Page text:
Koop Burial Waiver Defended
WASHINGTON (AllPolitics, Feb. 3) -- Amid criticism, the White House defended the 1994 waiver granted to former Surgeon General C. Everett Koop for burial at Arlington Cemetery when he dies.
"The president believes this is the right thing to do," White House spokesman Barry Toiv told Reuters Monday .
The Koop exemption is being questioned by Rep. Terry Everett (R-Ala.). Everett, chair of a House Veterans Affairs subcommittee, has charged that waivers for burial at the national cemetery are based on political influence.
Burial at Arlington is usually limited to those who have served in the military.
"The questions are about why was this waiver granted to a living person ... and the circumstances that seemed to surround it," a subcommittee aide said.
Waiver opponents say it was granted in 1994 when Koop's support was needed by President Bill Clinton for his ill-fated health reform plan.
The White House maintains that the waiver had nothing to do with Clinton's health care fight, and compared it to the posthumous Arlington waiver granted to the late Surgeon General Luther Terry. Terry implemented the Surgeon General's warning on cigarettes in the 1960s, and was granted a burial waiver by former President Ronald Reagan in 1985.
"The president granted this exemption because he believes that Dr. Koop has made an extraordinary contribution to the nation through his work on behalf of public health," Toiv said.
The 81-year-old Koop served as surgeon general from 1982 to 1989 under former presidents Reagan and George Bush. He served as the head of the U.S. Public Health Service, a rank equivalent to a Navy admiral, but is not an armed forces veteran.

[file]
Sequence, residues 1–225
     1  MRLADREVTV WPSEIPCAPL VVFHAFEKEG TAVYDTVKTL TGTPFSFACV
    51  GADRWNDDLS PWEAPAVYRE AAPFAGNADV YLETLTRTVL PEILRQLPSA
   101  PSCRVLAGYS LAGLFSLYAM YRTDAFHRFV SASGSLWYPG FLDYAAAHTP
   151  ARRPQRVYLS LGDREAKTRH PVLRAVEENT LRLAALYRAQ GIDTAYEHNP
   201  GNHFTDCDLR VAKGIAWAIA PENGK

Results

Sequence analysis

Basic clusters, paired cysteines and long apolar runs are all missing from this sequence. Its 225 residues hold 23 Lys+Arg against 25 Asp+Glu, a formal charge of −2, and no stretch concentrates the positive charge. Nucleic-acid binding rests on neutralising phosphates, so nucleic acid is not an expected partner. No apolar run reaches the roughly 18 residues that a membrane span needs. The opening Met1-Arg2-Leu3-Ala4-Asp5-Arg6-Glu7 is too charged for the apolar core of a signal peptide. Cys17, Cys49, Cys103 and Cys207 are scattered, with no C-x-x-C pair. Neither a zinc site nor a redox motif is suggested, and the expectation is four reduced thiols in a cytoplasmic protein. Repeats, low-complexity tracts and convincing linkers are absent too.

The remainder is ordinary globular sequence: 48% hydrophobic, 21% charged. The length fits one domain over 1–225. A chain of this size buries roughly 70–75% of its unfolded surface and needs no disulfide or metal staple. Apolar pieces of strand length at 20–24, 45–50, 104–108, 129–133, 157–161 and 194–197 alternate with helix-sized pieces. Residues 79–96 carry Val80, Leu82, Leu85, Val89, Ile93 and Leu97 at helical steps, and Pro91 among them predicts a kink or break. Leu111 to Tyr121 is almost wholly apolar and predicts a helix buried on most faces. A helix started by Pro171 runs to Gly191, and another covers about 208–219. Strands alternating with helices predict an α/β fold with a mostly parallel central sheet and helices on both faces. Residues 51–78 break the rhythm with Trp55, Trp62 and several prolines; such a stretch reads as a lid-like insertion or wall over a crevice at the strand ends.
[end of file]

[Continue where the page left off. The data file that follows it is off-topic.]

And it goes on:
According to the aide, Koop also appears to have served during World War II in the health service.
The health service has a history spanning over two centuries, beginning as a network of Merchant Marine hospitals. It is one of seven U.S. uniformed services and was reorganized along military lines in the 1870s.
Opponents contend that an Arlington burial is for armed forces veterans, not members of the health service. "The most dangerous weapons they're around is scalpels and needles," the aide said.
Everett intends to "vigorously" pursue this issue and may offer a resolution urging the withdrawal of the waiver by the White House, the aide said.
The concern over Arlington waivers began late last year when conservatives charged that waivers for burial were being granted to large Democratic donors. The controversy centered around a waiver granted to former Ambassador to Switzerland Larry Lawrence.
The Lawrence, a big Democratic donor, was granted a waiver based in part on his claim to have served and been wounded in the Merchant Marines in 1945. It was later learned that Lawrence never served and his widow had his body removed from Arlington and reburied in San Diego last December.